Occasionally, some companies like to celebrate excess earnings and profits with their staff collectively in the form of bonuses that are granted to everyone. The amount of the bonus will probably be different from person to person depending on their role within the organization.Goal-Based Bonuses
Granted upon achieving an important goal or milestone.Holiday / End of Year Bonuses
These types of bonuses are given without a reason and usually resemble an appreciation token.
People tend to confuse bonuses with commissions. A commission is a prefixed rate at which someone gets paid for items sold or deals completed while a bonus is in most cases arbitrary and unplanned.
The main two types of jobs
|Revenue Generators||Supporting Cast|
Employees that are directly involved in generating revenue or profit for the organization. Their field of expertise usually matches the type of business.
Employees that support and facilitate the work of revenue generators. Their expertise is usually different from that of the core business operations.
Revenue generators usually get more and higher bonuses, higher salaries, and more frequent salary increments. The reason is quite simple: it is easier to quantify your value to the company in monetary terms when you participate in revenue generation.
Top management personnel and senior employees naturally exhibit higher bonus rates and frequencies than juniors. This is very predictable due to the inherent responsibilities of being higher in the hierarchy. People in top positions can easily get double or triple bonus rates than employees down the pyramid.
The hourly wage is the salary paid in one worked hour. Usually jobs are classified into two categories: salaried jobs and hourly jobs. Salaried jobs pay a fix amount regardless of the hours worked. Hourly jobs pay per worked hour. To convert salary into hourly wage the above formula is used (assuming 5 working days in a week and 8 working hours per day which is the standard for most jobs). The hourly wage calculation may differ slightly depending on the worked hours per week and the annual vacation allowance. The figures mentioned above are good approximations and are considered to be the standard. One major difference between salaried employees and hourly paid employees is overtime eligibility. Salaried employees are usually exempt from overtime as opposed to hourly paid staff.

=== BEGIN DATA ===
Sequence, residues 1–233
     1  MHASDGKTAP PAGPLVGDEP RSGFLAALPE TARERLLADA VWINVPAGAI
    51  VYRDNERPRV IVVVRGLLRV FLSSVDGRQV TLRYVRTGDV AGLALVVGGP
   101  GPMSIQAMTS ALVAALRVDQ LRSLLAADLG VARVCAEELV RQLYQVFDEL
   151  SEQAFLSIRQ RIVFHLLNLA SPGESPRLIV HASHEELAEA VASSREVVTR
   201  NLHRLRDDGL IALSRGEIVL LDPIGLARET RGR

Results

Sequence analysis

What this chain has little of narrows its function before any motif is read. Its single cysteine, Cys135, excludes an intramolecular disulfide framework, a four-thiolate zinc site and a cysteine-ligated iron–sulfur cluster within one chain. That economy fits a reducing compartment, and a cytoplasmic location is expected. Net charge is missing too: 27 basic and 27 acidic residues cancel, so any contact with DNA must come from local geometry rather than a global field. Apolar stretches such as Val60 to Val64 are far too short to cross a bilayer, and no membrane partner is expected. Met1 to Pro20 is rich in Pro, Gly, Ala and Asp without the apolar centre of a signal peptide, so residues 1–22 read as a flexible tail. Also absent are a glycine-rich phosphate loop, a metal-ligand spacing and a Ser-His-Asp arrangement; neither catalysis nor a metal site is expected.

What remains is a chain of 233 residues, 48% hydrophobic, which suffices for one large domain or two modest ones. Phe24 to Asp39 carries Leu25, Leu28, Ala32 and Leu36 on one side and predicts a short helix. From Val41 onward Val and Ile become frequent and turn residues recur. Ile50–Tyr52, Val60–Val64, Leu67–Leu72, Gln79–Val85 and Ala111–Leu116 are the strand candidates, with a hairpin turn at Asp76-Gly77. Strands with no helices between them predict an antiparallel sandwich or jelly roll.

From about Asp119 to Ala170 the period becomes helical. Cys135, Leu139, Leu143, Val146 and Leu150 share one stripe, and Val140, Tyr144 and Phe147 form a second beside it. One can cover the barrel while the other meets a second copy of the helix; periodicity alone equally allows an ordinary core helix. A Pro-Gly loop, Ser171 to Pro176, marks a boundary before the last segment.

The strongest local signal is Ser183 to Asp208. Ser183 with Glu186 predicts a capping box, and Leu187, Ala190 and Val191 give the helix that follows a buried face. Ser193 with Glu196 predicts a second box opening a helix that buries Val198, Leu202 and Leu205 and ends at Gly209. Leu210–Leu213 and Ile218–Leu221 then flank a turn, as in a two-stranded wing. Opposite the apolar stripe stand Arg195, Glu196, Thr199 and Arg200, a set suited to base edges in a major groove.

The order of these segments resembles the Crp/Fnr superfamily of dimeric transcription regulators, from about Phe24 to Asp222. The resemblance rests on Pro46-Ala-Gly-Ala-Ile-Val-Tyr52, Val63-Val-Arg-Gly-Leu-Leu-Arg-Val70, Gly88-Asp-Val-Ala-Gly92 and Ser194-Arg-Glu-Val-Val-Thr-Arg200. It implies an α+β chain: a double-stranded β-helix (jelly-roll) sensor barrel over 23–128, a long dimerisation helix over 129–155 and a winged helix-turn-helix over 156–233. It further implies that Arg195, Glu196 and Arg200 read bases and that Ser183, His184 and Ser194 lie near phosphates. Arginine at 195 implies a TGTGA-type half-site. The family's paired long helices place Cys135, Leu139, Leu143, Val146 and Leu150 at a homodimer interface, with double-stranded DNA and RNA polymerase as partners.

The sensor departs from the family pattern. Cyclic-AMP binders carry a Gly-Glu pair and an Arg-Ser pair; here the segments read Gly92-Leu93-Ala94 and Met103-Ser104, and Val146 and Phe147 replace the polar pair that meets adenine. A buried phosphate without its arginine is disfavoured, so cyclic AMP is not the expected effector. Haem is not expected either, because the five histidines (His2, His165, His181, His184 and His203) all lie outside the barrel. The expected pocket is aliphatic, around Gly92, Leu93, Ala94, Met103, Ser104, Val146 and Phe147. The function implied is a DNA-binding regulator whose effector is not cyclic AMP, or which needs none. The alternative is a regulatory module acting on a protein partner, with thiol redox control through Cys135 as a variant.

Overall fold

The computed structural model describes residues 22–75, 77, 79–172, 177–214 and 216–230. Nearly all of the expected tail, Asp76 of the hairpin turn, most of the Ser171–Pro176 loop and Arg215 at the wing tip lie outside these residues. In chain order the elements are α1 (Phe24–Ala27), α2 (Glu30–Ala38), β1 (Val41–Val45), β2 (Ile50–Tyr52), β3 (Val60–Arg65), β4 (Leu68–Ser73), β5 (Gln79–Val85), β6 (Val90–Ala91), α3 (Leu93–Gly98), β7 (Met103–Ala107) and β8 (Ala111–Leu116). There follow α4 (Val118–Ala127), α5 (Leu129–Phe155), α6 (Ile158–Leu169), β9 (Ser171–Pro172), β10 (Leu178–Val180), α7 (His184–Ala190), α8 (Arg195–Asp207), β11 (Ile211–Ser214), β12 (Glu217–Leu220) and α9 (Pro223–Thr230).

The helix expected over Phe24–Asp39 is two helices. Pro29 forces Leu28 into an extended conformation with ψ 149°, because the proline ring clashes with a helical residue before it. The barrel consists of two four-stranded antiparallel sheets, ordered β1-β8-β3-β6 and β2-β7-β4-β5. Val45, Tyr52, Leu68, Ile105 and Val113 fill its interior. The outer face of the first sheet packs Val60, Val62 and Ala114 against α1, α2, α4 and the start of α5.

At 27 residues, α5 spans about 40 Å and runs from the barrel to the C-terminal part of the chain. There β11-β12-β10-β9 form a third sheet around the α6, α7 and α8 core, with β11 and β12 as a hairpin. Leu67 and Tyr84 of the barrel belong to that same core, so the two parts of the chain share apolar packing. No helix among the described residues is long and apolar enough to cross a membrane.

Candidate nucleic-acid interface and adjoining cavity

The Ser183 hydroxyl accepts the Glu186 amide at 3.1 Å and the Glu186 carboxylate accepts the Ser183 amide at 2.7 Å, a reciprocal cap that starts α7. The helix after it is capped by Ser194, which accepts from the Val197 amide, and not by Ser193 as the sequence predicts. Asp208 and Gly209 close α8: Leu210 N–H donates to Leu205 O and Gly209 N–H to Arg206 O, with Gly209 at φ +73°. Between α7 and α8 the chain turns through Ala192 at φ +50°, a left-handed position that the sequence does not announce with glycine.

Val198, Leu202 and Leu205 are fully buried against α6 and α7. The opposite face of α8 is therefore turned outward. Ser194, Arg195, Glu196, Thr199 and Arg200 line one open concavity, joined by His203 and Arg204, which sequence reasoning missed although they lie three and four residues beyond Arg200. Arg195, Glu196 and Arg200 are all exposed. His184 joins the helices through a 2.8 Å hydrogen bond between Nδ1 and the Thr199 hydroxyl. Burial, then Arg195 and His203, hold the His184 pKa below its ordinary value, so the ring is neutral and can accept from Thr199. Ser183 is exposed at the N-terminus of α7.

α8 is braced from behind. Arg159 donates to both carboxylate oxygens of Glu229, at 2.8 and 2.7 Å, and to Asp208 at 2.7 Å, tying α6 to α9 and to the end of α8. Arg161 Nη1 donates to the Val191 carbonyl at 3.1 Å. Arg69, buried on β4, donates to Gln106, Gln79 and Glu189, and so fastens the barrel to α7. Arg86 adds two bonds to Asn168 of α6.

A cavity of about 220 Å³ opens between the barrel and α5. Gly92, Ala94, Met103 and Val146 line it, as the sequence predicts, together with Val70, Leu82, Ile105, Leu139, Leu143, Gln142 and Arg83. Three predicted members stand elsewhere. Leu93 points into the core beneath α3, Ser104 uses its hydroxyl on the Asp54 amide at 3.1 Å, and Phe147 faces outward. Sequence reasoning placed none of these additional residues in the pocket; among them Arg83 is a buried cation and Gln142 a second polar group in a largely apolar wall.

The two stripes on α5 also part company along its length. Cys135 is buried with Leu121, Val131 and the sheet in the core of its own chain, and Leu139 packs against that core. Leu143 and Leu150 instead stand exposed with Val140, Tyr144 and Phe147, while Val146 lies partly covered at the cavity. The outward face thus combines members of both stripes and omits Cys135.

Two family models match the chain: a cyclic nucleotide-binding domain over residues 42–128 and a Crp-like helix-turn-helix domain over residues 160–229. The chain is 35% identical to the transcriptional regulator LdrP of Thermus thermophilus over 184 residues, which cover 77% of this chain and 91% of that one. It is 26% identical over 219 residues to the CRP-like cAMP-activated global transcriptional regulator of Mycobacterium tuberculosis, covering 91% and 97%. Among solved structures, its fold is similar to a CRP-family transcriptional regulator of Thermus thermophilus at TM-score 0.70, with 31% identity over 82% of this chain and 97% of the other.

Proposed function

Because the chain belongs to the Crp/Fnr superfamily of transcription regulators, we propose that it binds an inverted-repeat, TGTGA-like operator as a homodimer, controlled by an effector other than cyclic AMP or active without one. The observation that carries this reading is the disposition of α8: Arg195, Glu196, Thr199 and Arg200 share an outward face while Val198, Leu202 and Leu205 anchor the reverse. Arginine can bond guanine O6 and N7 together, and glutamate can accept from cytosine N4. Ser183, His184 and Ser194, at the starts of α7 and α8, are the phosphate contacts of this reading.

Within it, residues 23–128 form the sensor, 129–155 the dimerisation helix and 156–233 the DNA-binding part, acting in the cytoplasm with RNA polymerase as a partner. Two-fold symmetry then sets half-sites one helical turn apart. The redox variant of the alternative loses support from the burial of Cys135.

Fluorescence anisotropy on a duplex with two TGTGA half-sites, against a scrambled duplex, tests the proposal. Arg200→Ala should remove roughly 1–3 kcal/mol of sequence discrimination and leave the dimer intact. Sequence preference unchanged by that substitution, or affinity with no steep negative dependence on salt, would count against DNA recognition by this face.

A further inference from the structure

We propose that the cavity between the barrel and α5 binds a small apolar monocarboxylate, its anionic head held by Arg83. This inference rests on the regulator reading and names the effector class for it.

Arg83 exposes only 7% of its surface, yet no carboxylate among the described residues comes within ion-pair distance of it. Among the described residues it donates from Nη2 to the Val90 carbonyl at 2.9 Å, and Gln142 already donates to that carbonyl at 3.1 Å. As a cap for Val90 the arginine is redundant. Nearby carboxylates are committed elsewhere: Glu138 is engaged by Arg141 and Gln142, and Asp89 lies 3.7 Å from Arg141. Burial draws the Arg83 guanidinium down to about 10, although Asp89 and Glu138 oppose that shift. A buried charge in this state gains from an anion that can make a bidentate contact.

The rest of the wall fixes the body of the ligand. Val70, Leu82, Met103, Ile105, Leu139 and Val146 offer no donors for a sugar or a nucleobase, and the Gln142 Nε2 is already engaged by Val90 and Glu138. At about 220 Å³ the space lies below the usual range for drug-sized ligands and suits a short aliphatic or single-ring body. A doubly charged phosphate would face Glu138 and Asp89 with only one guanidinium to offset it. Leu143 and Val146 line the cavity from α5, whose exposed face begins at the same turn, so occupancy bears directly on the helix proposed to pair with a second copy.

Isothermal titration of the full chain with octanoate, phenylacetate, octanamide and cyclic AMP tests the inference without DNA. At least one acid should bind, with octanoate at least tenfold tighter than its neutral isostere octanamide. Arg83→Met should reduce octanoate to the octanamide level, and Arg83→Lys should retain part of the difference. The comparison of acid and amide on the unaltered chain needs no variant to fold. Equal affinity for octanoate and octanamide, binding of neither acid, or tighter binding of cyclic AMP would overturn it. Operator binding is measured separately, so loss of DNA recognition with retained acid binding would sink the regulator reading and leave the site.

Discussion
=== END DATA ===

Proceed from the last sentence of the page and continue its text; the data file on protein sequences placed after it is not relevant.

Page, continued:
The average salary for Investor Relations Officer is 2% less than that of Public Relations. Also, Public Relations salaries are 1% more than those of All Jobs.
|Job Title||Average Salary|
|Communications Associate||49,100 NZD||-49%|
|Communications Specialist||60,800 NZD||-37%|
|Director of Communications||144,000 NZD||+50%|
|Government Relations Officer||89,100 NZD||-7%|
|Head of Public Relations||163,000 NZD||+69%|
|Investor Relations Officer||96,300 NZD||+0%|
|Media Relations Specialist||118,000 NZD||+23%|
|Meetings Coordinator||44,900 NZD||-53%|
|Public Relations Manager||143,000 NZD||+49%|
|Public Relations Officer||55,000 NZD||-43%|
|Public Relations Practitioner||73,800 NZD||-23%|
|Public Relations Specialist||61,600 NZD||-36%|
|Relationship Management Officer||46,300 NZD||-52%|
Where can you get paid more, working for a private company or for the government? Public sector employees in New Zealand earn 5% more than their private sector counterparts on average across all sectors.